“In all of this I have not heard him promote himself and it’s we who have been promoting him and making noise and we are going to keep making noise,” Whittemore said. “Whether it’s a student’s grades, whether it’s someone having trouble at home or just a need, he’s giving unselfishly to them. That’s why Foxcroft Academy wrestling succeeds, he cares.”

Foxcroft Academy Head of School Arnold Shorey called Ayala “the busiest person in our community, and I don’t think I have ever seen him tired or rundown and that shocks me. He is always positive and pleasant.”

Shorey said Ayala’s student-athletes know they will be working hard, but they also know they will be supported with their coach’s can-do attitude.

Foxcroft Academy senior soccer player Levi Stedman said Ayala has “meant the world to me out of the field.” Stedman said he transferred to the school his sophomore year and Ayala took him and his teammates on the pitch under his wing.

“There’s no words to express how great of a guy Coach Ayala is and I want to thank him for that,” Stedman said.

“It’s amazing the possibilities for the community if we win this,” Ayala said, as the Most Valuable Coach will receive a $50,000 donation for their high school athletic department or a charity of their choice.

Ayala, whose wife Angela and younger son and Foxcroft Academy sophomore Rico were both present, said the night before he was driving through town and saw his name up on the illuminated Center Theatre marquee and seeing this and other signs around town and online has been amazing.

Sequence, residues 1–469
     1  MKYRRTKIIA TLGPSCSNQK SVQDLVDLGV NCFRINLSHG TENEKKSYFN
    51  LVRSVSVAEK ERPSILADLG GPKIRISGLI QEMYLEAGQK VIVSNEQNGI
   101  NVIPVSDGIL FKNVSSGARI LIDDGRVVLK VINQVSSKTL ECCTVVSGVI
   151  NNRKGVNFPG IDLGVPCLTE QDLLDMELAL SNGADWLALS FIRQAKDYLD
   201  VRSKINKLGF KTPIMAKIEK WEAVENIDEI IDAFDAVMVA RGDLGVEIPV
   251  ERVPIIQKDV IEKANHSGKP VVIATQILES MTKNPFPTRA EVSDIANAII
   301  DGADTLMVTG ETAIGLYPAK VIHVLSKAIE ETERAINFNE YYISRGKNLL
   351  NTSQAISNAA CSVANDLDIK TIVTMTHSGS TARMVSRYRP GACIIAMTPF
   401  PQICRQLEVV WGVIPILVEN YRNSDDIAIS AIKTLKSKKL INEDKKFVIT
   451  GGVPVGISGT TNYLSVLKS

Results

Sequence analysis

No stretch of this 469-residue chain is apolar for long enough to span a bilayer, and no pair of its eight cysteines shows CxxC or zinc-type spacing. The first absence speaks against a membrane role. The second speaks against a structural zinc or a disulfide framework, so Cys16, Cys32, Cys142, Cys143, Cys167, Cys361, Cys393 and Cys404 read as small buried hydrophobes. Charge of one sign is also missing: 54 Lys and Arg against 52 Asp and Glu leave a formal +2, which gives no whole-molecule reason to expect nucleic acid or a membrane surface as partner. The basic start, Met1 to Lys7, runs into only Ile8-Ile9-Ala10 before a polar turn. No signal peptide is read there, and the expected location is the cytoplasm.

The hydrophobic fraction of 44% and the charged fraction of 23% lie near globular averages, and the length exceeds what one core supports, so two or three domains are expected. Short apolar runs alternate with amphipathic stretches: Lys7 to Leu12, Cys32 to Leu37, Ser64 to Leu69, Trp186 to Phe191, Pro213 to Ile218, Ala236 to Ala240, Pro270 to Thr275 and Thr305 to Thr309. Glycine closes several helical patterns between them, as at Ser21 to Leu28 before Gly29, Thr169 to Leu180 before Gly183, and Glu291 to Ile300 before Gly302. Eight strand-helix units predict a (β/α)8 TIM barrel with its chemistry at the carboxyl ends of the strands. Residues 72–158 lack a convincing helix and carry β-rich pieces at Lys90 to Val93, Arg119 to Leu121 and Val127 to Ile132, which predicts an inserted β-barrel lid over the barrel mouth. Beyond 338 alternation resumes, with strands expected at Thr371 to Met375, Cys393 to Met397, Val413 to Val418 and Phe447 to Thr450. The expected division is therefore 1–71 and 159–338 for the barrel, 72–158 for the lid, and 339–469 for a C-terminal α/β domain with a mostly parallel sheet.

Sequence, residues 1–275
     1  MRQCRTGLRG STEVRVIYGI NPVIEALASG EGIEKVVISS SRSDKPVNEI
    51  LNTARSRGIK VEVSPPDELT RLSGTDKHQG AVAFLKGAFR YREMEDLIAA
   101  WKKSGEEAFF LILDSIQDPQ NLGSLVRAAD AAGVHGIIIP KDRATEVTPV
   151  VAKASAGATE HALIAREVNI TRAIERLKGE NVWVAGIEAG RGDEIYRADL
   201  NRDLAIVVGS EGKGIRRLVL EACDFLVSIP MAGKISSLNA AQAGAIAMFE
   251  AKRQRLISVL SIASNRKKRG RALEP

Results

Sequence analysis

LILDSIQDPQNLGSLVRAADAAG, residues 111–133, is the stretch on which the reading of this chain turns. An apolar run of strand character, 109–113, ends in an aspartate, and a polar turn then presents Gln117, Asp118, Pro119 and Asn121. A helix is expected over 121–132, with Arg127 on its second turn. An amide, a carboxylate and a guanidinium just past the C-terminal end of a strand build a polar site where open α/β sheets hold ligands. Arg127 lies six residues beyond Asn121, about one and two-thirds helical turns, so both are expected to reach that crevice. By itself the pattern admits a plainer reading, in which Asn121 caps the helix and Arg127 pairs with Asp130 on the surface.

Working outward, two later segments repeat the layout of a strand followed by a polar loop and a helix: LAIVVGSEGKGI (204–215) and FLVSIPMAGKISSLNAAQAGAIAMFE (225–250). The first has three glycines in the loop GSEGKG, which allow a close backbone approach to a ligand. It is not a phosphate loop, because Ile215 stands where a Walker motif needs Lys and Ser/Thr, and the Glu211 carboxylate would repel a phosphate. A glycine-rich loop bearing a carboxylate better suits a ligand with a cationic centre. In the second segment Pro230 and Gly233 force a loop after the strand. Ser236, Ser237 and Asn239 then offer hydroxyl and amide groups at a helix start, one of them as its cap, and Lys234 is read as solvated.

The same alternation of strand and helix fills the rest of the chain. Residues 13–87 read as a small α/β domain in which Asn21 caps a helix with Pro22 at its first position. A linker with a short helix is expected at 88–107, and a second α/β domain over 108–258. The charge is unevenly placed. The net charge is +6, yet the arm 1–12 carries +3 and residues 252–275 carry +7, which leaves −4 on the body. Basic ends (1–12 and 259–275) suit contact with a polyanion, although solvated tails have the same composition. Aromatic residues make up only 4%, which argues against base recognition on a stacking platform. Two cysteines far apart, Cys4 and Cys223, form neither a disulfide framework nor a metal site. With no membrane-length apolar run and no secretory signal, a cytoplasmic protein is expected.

“What has been special has been the support on Facebook and the emails,” Ayala said, saying former players and students from years ago have been sending him messages of support and thanking their coach for the difference he made in their lives.

“I love Foxcroft Academy, I love the community,” Ayala said before being presented with the ceremonial $5,000 check from York.

During the day on Monday, including the Foxcroft boys soccer playing its final home game of the regular season, a camera crew filmed Ayala for a video to be posted at

Online voting will make up 20 percent of the final score in determining the U.S. Cellular Most Valuable Coach. A panel of judges, including Pro Football Hall of Fame quarterback Kurt Warner, will evaluate the 15 coaches on their leadership qualities and the positive impact they have had on their community, school and players. The winning coach is scheduled to be announced at 1 p.m. on Monday, Nov. 20. In addition to the $50,000 prize, the most valuable coach will earn a trip for on-field recognition at the Under Armour High School All-American Game in Orlando, Fla.

Observer photo/Stuart Hedstrom
MOST VALUABLE COACH HONOR — Foxcroft Academy boys soccer and wrestling coach Luis Ayala, who also guides youth teams in each sport, is one of 15 nationwide finalists in the U.S. Cellular Most Valuable Coach program. Ayala was chosen through voting at and voting for the top honor can be done for most of the next month. As a finalist $5,000 was presented to Foxcroft Academy on Ayala’s behalf and the contribution was given by U.S. Cellular Local Marketing and Brand Manager Stacey York, left, and Dave’s World U.S. Cellular Manager Ashley Hamilton during a school assembly on Oct. 16.